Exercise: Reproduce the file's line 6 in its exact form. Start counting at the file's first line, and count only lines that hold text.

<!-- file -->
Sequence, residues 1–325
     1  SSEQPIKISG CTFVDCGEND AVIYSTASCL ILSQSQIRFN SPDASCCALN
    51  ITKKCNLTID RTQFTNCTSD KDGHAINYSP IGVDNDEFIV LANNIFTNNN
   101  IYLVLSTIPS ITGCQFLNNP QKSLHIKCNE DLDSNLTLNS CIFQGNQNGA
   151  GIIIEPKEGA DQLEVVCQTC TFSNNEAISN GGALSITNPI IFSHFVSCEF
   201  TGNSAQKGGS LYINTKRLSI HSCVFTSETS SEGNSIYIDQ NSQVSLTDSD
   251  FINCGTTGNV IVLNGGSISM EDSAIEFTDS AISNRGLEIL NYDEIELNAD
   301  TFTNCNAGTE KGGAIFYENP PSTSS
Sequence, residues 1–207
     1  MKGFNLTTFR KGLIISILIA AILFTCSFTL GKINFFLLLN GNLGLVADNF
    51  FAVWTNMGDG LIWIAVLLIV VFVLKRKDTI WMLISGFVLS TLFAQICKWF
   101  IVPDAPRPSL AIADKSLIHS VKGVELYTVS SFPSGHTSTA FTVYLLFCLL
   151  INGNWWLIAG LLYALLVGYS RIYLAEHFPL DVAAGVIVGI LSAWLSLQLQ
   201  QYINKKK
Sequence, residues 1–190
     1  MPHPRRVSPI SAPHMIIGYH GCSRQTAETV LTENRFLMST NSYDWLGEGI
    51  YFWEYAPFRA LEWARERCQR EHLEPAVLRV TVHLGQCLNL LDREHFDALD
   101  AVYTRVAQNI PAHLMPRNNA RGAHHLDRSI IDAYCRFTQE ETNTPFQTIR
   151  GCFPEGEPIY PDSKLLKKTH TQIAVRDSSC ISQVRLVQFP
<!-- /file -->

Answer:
   201  TGNSAQKGGS LYINTKRLSI HSCVFTSETS SEGNSIYIDQ NSQVSLTDSD